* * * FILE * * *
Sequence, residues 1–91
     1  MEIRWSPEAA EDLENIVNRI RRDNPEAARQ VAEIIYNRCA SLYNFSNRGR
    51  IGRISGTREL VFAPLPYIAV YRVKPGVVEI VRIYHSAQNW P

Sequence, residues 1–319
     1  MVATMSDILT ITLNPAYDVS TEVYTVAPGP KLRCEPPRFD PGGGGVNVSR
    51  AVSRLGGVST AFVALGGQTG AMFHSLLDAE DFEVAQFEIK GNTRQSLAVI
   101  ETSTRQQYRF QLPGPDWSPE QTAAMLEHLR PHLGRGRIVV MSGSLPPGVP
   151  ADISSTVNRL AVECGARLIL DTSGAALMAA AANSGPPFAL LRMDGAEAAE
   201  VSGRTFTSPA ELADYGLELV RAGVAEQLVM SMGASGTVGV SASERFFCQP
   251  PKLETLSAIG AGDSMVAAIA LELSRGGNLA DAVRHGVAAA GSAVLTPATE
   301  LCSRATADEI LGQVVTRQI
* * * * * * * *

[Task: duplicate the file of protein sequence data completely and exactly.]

Sequence, residues 1–91
     1  MEIRWSPEAA EDLENIVNRI RRDNPEAARQ VAEIIYNRCA SLYNFSNRGR
    51  IGRISGTREL VFAPLPYIAV YRVKPGVVEI VRIYHSAQNW P

Sequence, residues 1–319
     1  MVATMSDILT ITLNPAYDVS TEVYTVAPGP KLRCEPPRFD PGGGGVNVSR
    51  AVSRLGGVST AFVALGGQTG AMFHSLLDAE DFEVAQFEIK GNTRQSLAVI
   101  ETSTRQQYRF QLPGPDWSPE QTAAMLEHLR PHLGRGRIVV MSGSLPPGVP
   151  ADISSTVNRL AVECGARLIL DTSGAALMAA AANSGPPFAL LRMDGAEAAE
   201  VSGRTFTSPA ELADYGLELV RAGVAEQLVM SMGASGTVGV SASERFFCQP
   251  PKLETLSAIG AGDSMVAAIA LELSRGGNLA DAVRHGVAAA GSAVLTPATE
   301  LCSRATADEI LGQVVTRQI